Keep A Sketchbook

If you’ve been drawing for a while or have even taken a few art classes, you may have heard of the importance of keeping a sketchbook. They’re what I like to call a “Creative Safe Zone.” It’s a place just for you where you can get out concepts you have in your head, practice drawing certain subject matter, experiment with media and techniques, or just be free to express yourself creatively.

Sketchbooks typically aren’t works that go on display, so you don’t have to worry that someone is going to see your work and judge it. It’s just for you, which means you can choose to share it or not. You can be whatever artistic voice you want to be inside of it. It’s where ideas are born and sometimes also sadly where they die. Additionally, they can serve as a visual diary or journal of your artistic journey. There are so many out there in all paper types, sizes, price ranges, and brands. (You can even make your own if you want extra creative points!) It doesn’t matter what kind you buy, what matters is that you develop the habit of working in one.

Sketchbook Ideas & Examples:
I always have multiple sketchbooks on the go that serve different purposes for me. For example, I have one in particular that I use for mixed media exploration. Because I really hate wasting paint, if I have a lot of certain colours left over I will paint a page or two in this sketchbook and then go back later and do a drawing over top of it to try out an idea I have.

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I have a travel sketchbook specifically for when I’m on trips or vacations. You never know when inspiration is going to hit. Pictures are great, but sometimes what the drawing captures in the moment is so much more than what a photo can. In my opinion, it also somehow forces you to be more in the moment than the few seconds it can take to snap a photo of something. You really have to study your subject and see things you may have missed at a glance.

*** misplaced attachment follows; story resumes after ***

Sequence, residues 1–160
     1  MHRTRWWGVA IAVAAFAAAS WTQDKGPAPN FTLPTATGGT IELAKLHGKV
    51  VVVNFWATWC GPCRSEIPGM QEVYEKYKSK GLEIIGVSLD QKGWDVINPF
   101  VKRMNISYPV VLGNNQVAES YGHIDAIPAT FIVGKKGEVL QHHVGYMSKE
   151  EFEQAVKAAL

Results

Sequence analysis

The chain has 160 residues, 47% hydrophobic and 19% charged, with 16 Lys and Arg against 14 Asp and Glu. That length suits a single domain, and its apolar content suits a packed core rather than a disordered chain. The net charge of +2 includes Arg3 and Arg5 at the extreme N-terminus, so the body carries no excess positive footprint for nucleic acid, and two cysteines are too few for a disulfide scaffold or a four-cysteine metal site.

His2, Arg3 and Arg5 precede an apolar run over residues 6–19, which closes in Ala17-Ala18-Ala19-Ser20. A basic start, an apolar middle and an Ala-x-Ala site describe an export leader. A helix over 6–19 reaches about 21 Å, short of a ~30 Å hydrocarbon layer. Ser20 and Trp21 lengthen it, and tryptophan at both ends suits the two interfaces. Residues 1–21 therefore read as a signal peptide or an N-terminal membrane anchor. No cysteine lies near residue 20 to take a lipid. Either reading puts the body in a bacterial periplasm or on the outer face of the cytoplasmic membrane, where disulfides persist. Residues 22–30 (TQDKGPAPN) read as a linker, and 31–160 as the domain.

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A few years ago, I was feeling creatively stifled. I wasn’t sure what to draw and was having a hard time motivating myself. Because I have a weird quirk (read:obsessive) need to finish things (just ask my sister) I purchased a One Sketch A Day book from a nearby bookstore. The book was small and the spaces seemed attainable for a small sketch every day. At first, I didn’t really know what to do, then at one point I hit a good stride, and by the end of it, I had a book with some ideas I would later pursue into more finished works.

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There were days I resented it a little, I’m not gonna lie. The important thing was that I drew every day, even if it was small. They weren’t all winners, but it was a step towards me getting out of the creative block.

There is no right or wrong way to have a sketchbook. It doesn’t have to pretty, the drawings don’t have to be finished, and most of all you don’t have to share it with anyone if you don’t want to. Use those pages to free your creative mind, jot down ideas and more importantly EXPLORE!

Happy Sketchbooking!

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